After a quick warm up in the cars, we stopped at some wooded ponds near the east entrance of the park with hopes of viewing and photographing waterfowl using a technique called digiscoping, which involves taking photographs through your optics (usually a spotting scope, but digiscoping can also be accomplished through binoculars). We were lucky to find a nice flock of ducks composed of Blue-winged Teal, Mallards, Ring-necked Ducks, and Bufflehead, as well as Wood Ducks, Canada Geese, and a pair of Hooded Mergansers. While shooting some photos through our spotting scope, we observed an Eastern Phoebe foraging from tree to tree around the pond and heard a Song Sparrow singing nearby.
Young birders not only learned several photography tips and techniques on this fun morning, but also how patience and careful observation will make you both a successful photographer and birder. Many thanks to William Crow for sharing his expertise and to Phone Skope Birding for sharing one of their fantastic adapters with us to practice our digiscoping skills. You can view photos from our morning here and our bird list here.
On February 8, 2019, 13 young birders and their families met Executive Director Tyler Harms and volunteer leader Kevin Murphy for a weekend of winter birding in Duluth, Minnesota for our Northern Minnesota Weekend 2019. The plan was to visit Sax-Zim Bog, a world-famous winter birding location where one could delight in several boreal bird species including both Great Gray and Northern Hawk Owls, birds for which the area is known, as well as others like Boreal Chickadee, both Evening and Pine Grosbeak, and Canada Jay. Despite a somewhat stressful and treacherous drive for all on Friday the 8th, spirits were still high and excitement was in the air when we met briefly Friday evening to welcome everyone and discuss logistics. We also started our trip list with a Common Raven that was seen earlier that afternoon by one of the young birders in the hotel parking lot. Then, it was off to prepare for an early morning with boreal birds on our minds!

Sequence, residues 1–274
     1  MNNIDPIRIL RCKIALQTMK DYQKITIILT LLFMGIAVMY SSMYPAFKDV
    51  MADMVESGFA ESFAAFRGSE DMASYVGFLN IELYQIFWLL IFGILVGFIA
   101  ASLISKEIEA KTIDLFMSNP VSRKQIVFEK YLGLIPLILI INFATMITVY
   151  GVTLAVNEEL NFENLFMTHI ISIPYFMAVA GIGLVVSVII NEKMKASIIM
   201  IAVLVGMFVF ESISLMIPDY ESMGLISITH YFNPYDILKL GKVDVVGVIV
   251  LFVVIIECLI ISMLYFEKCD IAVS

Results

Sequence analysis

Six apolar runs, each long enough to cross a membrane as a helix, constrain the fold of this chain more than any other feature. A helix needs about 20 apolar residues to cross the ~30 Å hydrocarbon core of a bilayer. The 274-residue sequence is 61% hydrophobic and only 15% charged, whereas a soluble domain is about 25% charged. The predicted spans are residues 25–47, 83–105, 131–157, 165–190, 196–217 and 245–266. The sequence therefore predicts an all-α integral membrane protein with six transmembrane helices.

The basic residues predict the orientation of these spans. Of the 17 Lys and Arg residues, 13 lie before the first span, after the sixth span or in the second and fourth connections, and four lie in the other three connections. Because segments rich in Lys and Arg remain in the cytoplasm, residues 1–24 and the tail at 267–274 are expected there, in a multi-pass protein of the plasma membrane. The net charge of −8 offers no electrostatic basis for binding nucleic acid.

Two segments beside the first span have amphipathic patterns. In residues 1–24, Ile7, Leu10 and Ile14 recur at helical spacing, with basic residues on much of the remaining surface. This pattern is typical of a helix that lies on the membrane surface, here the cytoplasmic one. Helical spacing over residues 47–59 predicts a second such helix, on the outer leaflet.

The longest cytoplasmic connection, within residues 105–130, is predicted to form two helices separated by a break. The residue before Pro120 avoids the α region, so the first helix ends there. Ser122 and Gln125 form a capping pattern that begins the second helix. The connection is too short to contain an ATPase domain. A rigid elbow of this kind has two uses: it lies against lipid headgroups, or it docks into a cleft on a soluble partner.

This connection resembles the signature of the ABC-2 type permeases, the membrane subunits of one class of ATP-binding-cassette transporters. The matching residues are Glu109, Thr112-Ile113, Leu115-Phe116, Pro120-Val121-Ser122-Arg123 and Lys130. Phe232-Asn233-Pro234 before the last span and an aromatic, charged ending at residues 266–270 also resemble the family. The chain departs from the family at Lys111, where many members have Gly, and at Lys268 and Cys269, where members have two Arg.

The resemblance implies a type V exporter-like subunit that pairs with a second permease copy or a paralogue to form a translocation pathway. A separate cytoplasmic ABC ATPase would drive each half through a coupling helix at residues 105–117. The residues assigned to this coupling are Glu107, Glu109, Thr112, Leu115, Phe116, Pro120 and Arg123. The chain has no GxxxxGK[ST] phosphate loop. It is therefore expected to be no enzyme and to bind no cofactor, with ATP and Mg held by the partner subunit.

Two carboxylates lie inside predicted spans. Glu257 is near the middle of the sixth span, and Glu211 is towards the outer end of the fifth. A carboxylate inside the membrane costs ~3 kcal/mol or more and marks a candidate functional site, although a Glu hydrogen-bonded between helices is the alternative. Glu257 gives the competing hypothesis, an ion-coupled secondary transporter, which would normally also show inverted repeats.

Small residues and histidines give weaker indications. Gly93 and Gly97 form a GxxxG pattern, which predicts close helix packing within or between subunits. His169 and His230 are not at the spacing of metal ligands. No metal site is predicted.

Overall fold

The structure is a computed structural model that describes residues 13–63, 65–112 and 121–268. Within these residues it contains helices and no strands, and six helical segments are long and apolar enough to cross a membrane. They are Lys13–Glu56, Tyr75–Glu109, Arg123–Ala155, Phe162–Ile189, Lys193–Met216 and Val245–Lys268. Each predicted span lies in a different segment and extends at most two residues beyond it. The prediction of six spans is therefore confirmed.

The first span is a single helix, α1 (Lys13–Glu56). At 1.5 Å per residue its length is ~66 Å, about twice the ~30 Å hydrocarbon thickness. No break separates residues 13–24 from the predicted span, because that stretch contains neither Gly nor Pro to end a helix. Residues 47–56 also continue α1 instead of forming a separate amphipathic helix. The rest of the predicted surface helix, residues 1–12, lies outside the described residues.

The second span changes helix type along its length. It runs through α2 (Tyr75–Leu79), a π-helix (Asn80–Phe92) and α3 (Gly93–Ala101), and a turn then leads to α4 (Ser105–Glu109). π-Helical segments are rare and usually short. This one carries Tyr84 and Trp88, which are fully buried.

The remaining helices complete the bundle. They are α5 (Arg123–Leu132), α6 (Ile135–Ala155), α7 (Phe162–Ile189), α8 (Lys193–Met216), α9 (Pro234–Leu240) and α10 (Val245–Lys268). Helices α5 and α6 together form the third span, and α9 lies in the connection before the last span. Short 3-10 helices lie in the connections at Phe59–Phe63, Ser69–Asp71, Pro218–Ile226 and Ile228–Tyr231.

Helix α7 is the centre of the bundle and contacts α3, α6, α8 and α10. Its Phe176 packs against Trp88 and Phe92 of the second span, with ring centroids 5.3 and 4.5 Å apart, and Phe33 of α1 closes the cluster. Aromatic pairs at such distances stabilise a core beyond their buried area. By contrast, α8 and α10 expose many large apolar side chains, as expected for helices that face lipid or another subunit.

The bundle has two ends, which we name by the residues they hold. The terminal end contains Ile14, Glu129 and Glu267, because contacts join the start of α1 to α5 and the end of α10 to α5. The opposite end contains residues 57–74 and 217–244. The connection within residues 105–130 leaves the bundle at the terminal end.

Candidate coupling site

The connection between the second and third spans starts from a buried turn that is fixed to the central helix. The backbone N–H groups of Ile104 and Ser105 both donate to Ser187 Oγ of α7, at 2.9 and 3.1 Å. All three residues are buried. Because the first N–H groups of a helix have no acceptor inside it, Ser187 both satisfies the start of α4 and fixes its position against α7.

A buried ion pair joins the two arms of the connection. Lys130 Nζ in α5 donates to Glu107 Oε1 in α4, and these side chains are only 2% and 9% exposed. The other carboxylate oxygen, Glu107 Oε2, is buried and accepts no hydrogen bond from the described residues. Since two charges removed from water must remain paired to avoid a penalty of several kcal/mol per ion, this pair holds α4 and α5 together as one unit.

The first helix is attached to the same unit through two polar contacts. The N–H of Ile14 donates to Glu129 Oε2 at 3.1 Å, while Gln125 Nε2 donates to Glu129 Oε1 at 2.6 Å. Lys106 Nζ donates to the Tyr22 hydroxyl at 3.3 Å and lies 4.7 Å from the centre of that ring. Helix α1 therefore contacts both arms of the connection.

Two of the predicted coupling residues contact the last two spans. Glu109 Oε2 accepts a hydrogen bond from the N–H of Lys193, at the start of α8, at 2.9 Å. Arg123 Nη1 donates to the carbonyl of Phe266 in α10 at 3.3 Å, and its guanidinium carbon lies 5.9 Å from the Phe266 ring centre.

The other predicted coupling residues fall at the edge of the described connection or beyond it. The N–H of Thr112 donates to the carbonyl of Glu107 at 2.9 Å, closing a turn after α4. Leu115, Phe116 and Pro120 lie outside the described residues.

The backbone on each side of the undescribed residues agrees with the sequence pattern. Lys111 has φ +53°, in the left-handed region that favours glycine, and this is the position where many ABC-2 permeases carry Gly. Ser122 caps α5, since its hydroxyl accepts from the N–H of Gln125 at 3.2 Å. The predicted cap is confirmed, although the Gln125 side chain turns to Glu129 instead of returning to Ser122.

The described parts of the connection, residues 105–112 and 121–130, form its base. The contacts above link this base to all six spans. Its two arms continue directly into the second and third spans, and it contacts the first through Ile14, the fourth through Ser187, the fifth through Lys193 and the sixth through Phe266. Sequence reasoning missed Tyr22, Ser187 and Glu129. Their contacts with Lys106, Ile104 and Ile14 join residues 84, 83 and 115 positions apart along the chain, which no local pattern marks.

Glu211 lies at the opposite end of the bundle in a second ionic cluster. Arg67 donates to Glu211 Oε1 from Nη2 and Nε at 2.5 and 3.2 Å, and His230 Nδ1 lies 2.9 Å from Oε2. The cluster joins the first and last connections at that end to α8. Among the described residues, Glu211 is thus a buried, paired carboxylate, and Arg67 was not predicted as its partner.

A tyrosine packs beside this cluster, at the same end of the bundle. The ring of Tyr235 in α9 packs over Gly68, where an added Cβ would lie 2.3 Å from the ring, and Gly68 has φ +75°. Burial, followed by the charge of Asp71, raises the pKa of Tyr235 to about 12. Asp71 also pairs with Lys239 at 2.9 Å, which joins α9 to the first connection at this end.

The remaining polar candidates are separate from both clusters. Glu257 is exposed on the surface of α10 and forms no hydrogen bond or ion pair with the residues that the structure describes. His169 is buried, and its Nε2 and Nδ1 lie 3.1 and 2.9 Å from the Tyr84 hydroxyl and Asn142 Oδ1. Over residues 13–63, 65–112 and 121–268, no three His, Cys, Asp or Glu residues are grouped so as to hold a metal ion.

After a quick breakfast on Saturday morning, we loaded our van, which was to be later named the “Snowy Owl” (I’ll let you guess the color), by 6:00 AM in order to arrive at Sax-Zim Bog before sunrise to search for Great Gray Owls. By the time we reached the Bog, the Snowy Owl was recording an ambient temperature of -26° F! Still somewhat sleepy from the early morning, we were quickly awakened by the sight of a large owl flying across the road upon entering the Bog. We scanned the treeline in the twilight with hopes high of locating our #1 target bird (Great Gray Owl) in the first 10 minutes of the trip, but it was a Great Horned Owl that elevated our hopes. Still a fun bird to see! Because of the extremely cold temperatures, much of the birding is done from the comfort of a heated vehicle. Therefore, we continued to search for owls along both McDavitt and Admiral Roads, two areas known to be frequented by Northern Hawk and Great Gray Owls. With no owl luck by sunrise, we stopped briefly at the Admiral Road bird feeders. Pine Grosbeaks and Common Redpolls were numerous at this location, both of which were life birds for many, along with some Black-capped Chickadees, Pine Siskins, and the occasional Downy and Hairy Woodpeckers and Red-breasted Nuthatch. This is also a known location for Boreal Chickadee and, while some had fleeting glimpses of a single individual, not all were able to see the chestnut-colored relative of our common Black-capped. We planned to stop by later.